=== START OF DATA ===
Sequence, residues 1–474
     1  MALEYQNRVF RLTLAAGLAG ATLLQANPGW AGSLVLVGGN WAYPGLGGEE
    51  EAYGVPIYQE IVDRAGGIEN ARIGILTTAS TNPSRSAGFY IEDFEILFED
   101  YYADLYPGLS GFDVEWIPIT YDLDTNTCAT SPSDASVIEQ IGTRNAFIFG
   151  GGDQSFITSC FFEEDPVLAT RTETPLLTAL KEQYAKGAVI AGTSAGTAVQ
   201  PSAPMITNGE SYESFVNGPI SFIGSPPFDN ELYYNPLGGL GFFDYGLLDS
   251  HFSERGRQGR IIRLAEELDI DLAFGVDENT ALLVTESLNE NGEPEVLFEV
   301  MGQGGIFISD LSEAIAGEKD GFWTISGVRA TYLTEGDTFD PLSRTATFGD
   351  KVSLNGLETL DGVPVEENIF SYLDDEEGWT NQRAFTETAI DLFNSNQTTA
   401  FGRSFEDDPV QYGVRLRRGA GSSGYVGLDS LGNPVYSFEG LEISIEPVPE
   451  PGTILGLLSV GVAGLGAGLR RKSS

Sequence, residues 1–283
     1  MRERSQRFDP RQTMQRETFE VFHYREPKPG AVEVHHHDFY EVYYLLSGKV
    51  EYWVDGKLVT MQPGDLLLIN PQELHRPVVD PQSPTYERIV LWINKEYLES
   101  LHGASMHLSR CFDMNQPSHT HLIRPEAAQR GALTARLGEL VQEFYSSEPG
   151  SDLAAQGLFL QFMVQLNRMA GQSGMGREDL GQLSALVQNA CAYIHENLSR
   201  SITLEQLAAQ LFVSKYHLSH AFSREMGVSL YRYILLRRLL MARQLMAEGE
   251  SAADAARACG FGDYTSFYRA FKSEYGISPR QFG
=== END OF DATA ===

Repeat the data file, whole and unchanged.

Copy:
Sequence, residues 1–474
     1  MALEYQNRVF RLTLAAGLAG ATLLQANPGW AGSLVLVGGN WAYPGLGGEE
    51  EAYGVPIYQE IVDRAGGIEN ARIGILTTAS TNPSRSAGFY IEDFEILFED
   101  YYADLYPGLS GFDVEWIPIT YDLDTNTCAT SPSDASVIEQ IGTRNAFIFG
   151  GGDQSFITSC FFEEDPVLAT RTETPLLTAL KEQYAKGAVI AGTSAGTAVQ
   201  PSAPMITNGE SYESFVNGPI SFIGSPPFDN ELYYNPLGGL GFFDYGLLDS
   251  HFSERGRQGR IIRLAEELDI DLAFGVDENT ALLVTESLNE NGEPEVLFEV
   301  MGQGGIFISD LSEAIAGEKD GFWTISGVRA TYLTEGDTFD PLSRTATFGD
   351  KVSLNGLETL DGVPVEENIF SYLDDEEGWT NQRAFTETAI DLFNSNQTTA
   401  FGRSFEDDPV QYGVRLRRGA GSSGYVGLDS LGNPVYSFEG LEISIEPVPE
   451  PGTILGLLSV GVAGLGAGLR RKSS

Sequence, residues 1–283
     1  MRERSQRFDP RQTMQRETFE VFHYREPKPG AVEVHHHDFY EVYYLLSGKV
    51  EYWVDGKLVT MQPGDLLLIN PQELHRPVVD PQSPTYERIV LWINKEYLES
   101  LHGASMHLSR CFDMNQPSHT HLIRPEAAQR GALTARLGEL VQEFYSSEPG
   151  SDLAAQGLFL QFMVQLNRMA GQSGMGREDL GQLSALVQNA CAYIHENLSR
   201  SITLEQLAAQ LFVSKYHLSH AFSREMGVSL YRYILLRRLL MARQLMAEGE
   251  SAADAARACG FGDYTSFYRA FKSEYGISPR QFG